We were an hour outside of Putaendo, when the yerba maté* started to take effect. It was June and deep mid winter. All that afternoon we had driven north towards the sun, which now was on its low drawling descent into the Pacific Ocean. I took a final draw from the ornate bombilla, and passed it back to my running partner René. Santiago, Chile was a hundred miles behind us and we were rolling deep into desert country for the Putaendo 100K.
The maté was still kicking at midnight and we had had no sleep. On the backstreets of Putaendo, the South American runners come pressing forwards, stretching the starting tape, writhing to the techno music. I had raced previously on this continent, through long nights and thin air with these same runners. This time, however, I had come with my pen and camera – and as the tape dropped – I felt acclimatised, and ready to tell their story.
By 1:00 a.m. I am standing atop an adobe wall, surrounded by a constellation of prickly pears, looking for headlights. The runners had already pressed through tangled vineyard trails of carmenère and merlot grapes, and were now up on the frigid flanks of the Cordillera de los Andes. Deeper still in the darkness above them, was 22,841ft Aconcagua. And then, high on a mountain ridge, a star breaks rank. It comes spinning down the arête towards the saddle, before cutting into the earth and finding rhythm as a headlamp.
Two lights land on the valley floor. I track around behind the front runners and their pace increases; the shadow of my camera pole breaking their private conversations with the night. Through bushes of thorny espino and jagged rocks they dart to escape, like fitful partridges startling up from desert brush. Three more runners come through, but then the headlamps began to bend away, and no more come my way. The race is split; the five front runners mistaken and out of contention. René comes through the bottom of the valley – cool and concentrated – in steady eighth place.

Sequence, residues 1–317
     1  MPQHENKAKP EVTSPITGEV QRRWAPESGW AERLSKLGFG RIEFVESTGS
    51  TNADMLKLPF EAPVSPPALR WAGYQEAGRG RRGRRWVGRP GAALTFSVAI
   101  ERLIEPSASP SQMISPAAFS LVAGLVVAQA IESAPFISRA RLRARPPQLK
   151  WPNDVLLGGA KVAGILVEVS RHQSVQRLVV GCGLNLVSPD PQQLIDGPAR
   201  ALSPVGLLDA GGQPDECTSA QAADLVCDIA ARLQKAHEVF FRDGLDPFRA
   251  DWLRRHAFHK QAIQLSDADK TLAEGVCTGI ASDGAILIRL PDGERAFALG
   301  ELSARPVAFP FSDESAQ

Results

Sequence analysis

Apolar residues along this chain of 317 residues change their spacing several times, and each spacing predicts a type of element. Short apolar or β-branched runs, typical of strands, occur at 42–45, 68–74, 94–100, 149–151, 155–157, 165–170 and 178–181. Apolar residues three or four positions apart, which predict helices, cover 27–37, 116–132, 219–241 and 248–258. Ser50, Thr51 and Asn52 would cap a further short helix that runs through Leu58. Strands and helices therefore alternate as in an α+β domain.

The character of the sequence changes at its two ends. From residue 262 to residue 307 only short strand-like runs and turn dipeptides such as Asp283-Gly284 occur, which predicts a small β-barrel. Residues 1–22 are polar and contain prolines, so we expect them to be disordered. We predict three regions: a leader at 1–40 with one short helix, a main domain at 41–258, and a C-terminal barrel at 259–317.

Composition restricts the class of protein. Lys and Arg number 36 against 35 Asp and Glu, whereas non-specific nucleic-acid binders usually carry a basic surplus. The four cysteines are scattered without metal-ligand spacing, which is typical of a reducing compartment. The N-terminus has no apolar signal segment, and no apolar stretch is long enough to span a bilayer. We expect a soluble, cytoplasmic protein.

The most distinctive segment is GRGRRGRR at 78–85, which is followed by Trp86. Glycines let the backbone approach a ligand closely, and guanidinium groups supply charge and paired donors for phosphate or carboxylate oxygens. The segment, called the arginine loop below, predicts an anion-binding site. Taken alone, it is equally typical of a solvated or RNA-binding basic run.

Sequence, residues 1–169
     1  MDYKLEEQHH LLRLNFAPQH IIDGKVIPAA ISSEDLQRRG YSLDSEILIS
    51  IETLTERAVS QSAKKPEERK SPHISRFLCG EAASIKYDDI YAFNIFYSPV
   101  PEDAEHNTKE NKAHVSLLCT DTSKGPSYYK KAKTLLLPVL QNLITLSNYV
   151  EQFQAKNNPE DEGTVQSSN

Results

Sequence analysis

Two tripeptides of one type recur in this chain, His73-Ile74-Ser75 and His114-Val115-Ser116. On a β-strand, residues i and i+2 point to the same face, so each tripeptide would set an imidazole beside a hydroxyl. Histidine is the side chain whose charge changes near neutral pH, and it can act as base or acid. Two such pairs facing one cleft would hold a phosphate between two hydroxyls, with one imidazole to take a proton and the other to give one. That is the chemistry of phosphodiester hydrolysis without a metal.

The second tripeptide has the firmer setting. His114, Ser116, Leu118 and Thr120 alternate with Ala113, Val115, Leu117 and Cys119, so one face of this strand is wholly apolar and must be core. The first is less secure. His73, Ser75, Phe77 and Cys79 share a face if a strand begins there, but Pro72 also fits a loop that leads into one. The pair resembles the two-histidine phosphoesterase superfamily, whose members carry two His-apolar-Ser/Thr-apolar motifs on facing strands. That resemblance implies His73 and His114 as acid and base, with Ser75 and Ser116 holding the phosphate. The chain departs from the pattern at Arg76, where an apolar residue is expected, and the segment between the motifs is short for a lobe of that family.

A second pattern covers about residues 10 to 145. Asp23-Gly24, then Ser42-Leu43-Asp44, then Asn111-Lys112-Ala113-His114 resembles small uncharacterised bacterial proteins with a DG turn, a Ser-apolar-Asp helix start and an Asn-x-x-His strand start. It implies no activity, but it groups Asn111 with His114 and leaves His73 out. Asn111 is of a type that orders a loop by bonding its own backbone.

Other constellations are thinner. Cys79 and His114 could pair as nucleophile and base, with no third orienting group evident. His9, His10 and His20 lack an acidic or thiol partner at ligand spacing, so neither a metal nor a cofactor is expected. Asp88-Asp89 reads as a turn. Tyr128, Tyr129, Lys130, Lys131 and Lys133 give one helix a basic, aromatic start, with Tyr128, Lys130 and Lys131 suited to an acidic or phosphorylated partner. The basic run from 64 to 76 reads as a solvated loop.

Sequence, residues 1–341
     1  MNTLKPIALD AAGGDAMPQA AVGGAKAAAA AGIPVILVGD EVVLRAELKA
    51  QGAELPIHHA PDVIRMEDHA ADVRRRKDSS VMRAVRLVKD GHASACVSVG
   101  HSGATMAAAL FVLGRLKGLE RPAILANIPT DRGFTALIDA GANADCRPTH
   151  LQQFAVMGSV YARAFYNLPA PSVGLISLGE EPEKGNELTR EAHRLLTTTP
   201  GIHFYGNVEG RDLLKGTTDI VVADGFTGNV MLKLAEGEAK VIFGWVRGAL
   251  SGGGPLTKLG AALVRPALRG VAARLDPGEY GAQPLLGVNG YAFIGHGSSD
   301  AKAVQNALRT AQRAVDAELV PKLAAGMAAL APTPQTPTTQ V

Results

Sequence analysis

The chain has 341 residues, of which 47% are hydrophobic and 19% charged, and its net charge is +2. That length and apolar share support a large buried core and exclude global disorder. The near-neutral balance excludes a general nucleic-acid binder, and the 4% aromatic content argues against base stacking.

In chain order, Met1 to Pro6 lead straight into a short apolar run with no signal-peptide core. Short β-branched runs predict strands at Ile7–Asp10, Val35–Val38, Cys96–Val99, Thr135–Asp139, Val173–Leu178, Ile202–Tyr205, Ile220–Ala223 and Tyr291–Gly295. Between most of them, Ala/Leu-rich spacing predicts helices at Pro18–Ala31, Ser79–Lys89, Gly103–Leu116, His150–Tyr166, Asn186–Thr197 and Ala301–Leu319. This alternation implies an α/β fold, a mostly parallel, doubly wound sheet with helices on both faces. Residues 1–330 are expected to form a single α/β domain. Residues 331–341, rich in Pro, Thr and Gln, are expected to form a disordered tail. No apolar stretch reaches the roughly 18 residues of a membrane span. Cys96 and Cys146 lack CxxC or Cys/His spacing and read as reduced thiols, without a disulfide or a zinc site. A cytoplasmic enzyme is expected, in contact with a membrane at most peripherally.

Luis Valle now takes the lead. He’s a local miner, 23, and the father of two young daughters. His head-torch can be seen from the 46 km checkpoint, some 3,000ft above us, – the mountain radio crackling his name.
The miner pads down through the still night, and into the checkpoint. He smiles, silently eating from a bag of pomegranate seeds – guarding his concentration. Rene comes out of the darkness in third, composed and calm. The rest of the runners filter through like cool rain.
I pick up René at dawn to pace the last 30 km home – immediately climbing a broken scar, some 2,000ft out of the valley. He doesn’t want to speak: awash with that euphoric pain of directed intent.
We traverse above vineyards, along an abandoned canal, where guayacán grow, and humming birds flirt among the foliage. A woman emerges from a corrugated homestead. Music and barbecue smoke mingle along the water’s edge. A pastel coloured heat washes across the valley. The shadowed wing of a lone carnancho carves across our path.
I catch René grimacing as we press over rhythm breaking rises in the terrain. I move ahead and turn on him – but he won’t be caught on camera. Such feelings are perhaps better left out here.
Spectators fill the avenue into town, and leaves whirl from golden oaks like elaborate streamers. René crosses the line in third. Luis finished forty minutes before – one arm embracing his pacer, the other cradling his youngest daughter.
Slouched against a wall, our caps are pulled low against the afternoon sun. I am drinking a beer with René, watching the last fist pumping competitors arrive. I look back at the hurried shots I took as he crossed the line. There’s none of that show. Just a tired runner. Solemn looking. Honest.
I pass the camera to René – the daylight fading now, as he peers into the viewfinder.
After a few seconds he puts the empty bottle down, smiles in recognition – and then looks away distantly across the vineyards, to the mountains he is still coming down from.
*Yerba maté (mah-t) is related to the holly family. It’s a legal stimulant used widely in South America. The plant is steeped in hot water and drunk from a hollow, dry gourd with a special straw.